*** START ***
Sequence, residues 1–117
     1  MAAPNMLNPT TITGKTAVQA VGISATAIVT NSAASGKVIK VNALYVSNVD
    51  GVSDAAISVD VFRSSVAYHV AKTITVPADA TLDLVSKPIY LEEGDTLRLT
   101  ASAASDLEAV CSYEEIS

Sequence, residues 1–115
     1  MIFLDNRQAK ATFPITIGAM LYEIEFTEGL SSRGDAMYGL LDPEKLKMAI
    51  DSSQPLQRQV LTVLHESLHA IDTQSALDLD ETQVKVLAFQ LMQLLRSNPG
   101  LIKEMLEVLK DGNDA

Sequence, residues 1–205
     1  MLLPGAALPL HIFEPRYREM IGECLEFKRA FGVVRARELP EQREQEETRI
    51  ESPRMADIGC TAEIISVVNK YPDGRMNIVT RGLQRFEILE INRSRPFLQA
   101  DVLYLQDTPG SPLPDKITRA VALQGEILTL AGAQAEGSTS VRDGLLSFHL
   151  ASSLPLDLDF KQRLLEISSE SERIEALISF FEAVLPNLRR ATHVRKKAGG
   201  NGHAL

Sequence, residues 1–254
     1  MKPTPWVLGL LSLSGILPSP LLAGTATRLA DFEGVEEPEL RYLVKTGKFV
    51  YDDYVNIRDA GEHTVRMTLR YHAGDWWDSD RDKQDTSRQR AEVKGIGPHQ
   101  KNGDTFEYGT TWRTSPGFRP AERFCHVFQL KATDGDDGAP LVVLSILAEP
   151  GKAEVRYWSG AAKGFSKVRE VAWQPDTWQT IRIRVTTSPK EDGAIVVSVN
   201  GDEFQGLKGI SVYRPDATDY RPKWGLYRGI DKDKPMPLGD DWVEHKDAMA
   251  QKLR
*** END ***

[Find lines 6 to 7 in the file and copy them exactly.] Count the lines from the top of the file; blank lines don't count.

     1  MIFLDNRQAK ATFPITIGAM LYEIEFTEGL SSRGDAMYGL LDPEKLKMAI
    51  DSSQPLQRQV LTVLHESLHA IDTQSALDLD ETQVKVLAFQ LMQLLRSNPG